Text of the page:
Creating our Domain Objects - ColdBox Series Part 6

Now that we have our database tables set up from our UML and our folder structure has been created we can begin creating our domain objects (Technically we could have done it first, it could probably be argued both ways).

Code Generator

I am going to use Brian Rinaldi's Illudium PU-36 Code Generator to help create our domain objects. Since Illudium uses the database tables to create the objects, we needed to have the database set up first. To see the MySQL DDL script check out part 2 of this series.

Now first, let's look at our UML again.

We have two domain objects, one for TodoLists and one for Todoitems. Since we created a database table to represent each one, it should be really easy to generate code for them.

Once you have downloaded the PU-36 Code Generator and placed the "cfcgenerator" folder in your webroot, you can browse to it by going to:


http://localhost:81/cfcgenerator

Note: My web server is on port 81, if your is on a different port (like the default 8500) then place that in the URL above.

The code generator will ask your for your administrator password. This is your ColdFusion Administrator password. Once you have logged in your will see a screen like this.

So let's choose the datasource for our todo list application, which we set up in Part 2 of this series.

The PU-36 Code Generator generates a lot of code for us. We are not going to use all of it. In fact, we are only going to be getting the "bean" part today. We will work on putting together our Gateway object in the next post.

First we will choose the table we want. Let's grab the "items" table. And we will choose the "default" template. This will generate what we need. We also need to enter a CFC Path. We will enter "model.todos.item", because we are going to place the item.cfc into the /model/todos directory.

Click "Generate".

You will now see seven tabs worth of code generated on the right-hand side of the screen. This is awesome. You will see that this will save you a lot of time in the future.

The first tab is the bean. That is the only one we will need today.

Now, let's go to Eclipse (or whatever editor you are using) and create a new folder inside of our /model folder, called "todos". Next, we will create a new CFC called "item.cfc". Then we will copy all of the code from the bean tab of the code generator into the newly created CFC.

Reviewing our Bean

This file is now ready to work with. The code generator has created 13 functions, 1 struct, and 4 properties for us.


    <cfproperty name="itemid" type="Numeric" default="" />

    <cfproperty name="title" type="String" default="" />

    <cfproperty name="dueDate" type="Date" default="" />

    <cfproperty name="listid_fk" type="Numeric" default="" />
The tag is for documentation and serves as metadata for Web Service and Flex connections. In our application these will not serve a functional purpose, but we will leave them anyway, because there is no reason not to.


    <cfset variables.instance = StructNew() />

This struct is used to store the private variables. This way they can all be returned (as a struct) with a call to a single method, which is getMemento().

The last method, dump(), is for troubleshooting.

The other methods (the getters/setters and the validate() method) we will look at in coming posts. Briefly, getters and setters are used for getting data from the object and for putting data into the object, and the validate method is for validating that data.

Now, let's create the "Lists" object using the same method as above. We will place the list.cfc in the /model/todos folder as well, so the CFC Path will me model.todos.list.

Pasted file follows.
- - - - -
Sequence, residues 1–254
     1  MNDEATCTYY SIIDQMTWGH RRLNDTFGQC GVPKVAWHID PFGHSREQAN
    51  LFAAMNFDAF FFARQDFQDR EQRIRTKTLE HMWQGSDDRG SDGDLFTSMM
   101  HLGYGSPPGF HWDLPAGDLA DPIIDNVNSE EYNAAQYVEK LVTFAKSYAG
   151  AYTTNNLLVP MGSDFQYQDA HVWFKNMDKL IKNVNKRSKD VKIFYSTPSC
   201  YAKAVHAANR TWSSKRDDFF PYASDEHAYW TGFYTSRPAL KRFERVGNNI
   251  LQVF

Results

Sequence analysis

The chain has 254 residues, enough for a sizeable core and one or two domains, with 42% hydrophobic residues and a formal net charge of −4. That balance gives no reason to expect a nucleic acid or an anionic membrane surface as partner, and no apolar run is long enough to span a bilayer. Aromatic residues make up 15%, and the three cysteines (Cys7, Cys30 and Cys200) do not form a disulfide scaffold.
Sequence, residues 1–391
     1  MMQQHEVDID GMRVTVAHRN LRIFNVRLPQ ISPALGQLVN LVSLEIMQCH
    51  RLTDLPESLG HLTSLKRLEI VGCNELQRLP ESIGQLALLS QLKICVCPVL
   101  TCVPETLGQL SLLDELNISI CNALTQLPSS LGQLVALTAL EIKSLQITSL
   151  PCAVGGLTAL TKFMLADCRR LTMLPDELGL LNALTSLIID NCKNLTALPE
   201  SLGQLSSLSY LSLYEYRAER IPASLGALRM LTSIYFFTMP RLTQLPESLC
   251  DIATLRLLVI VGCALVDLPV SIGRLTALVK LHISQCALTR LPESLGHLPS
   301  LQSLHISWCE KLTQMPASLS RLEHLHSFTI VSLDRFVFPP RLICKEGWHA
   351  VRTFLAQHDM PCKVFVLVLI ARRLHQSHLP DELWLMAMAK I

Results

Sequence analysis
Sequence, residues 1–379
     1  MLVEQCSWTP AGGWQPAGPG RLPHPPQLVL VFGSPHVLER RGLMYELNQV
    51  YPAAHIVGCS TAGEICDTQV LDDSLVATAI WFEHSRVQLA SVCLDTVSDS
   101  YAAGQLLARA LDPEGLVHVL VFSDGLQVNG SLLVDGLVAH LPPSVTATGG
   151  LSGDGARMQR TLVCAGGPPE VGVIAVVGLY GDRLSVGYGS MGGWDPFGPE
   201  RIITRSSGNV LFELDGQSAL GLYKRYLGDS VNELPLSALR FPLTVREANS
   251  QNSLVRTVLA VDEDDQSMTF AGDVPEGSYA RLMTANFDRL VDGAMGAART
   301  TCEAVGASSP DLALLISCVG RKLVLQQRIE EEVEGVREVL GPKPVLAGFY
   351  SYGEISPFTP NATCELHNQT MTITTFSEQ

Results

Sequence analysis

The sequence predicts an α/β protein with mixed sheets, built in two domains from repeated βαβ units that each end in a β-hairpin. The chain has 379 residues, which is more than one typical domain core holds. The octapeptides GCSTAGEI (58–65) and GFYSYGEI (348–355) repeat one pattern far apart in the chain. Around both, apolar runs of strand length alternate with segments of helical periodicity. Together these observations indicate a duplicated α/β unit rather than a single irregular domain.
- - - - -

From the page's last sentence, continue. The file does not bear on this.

Modifying the List Bean

Finally, we need to add a few modifications to the list.cfc to accommodate its list items.

Since a List can contain multiple Items we need to set up a way in the list.cfc for it to store one or more items. We will do this with an Array.

First we will add it to the properties sections.


    <cfproperty name="items" type="array" default="" />

Next we will add it to the init() method.


    <cffunction name="init" access="public" returntype="model.todos.list" output="false">

        <cfargument name="listid" type="string" required="false" default="" />

        <cfargument name="name" type="string" required="false" default="" />

        <cfargument name="priority" type="string" required="false" default="" />

        

        <!--- run setters --->

        <cfset setlistid(arguments.listid) />

        <cfset setname(arguments.name) />

        <cfset setpriority(arguments.priority) />

        <cfset setItems(ArrayNew(1)) />

        <cfreturn this />

    </cffunction>

Notice that I am not adding Items as an argument for the init() method. When we create a list it will be with 0 items, so we will not be passing in an array of items. Instead I am simply adding the call to the setItems() method and creating a new array to pass.

Next, we need to create the setItems() method that we just arranged to call.


    <cffunction name="setItems" access="public" returntype="void" output="false">
        
        <cfargument name="items" type="array" required="true" />
        
        <cfset variables.instance.items = arguments.items />
        
    </cffunction>

And then we need a way to retrieve the array of items, so we'll need a getitems() method.


    <cffunction name="getItems" access="public" returntype="array" output="false">
        
        <cfreturn variables.instance.items />
        
    </cffunction>

Conclusion

That's it. Let's save our work. Next post we are going to create our gateway object and then we'll create our service object.

I have attached the files that we created today to this post. NOTE: I have not tested these files yet, so we may run into some minor bugs along the way. But hey, that's how we learn.

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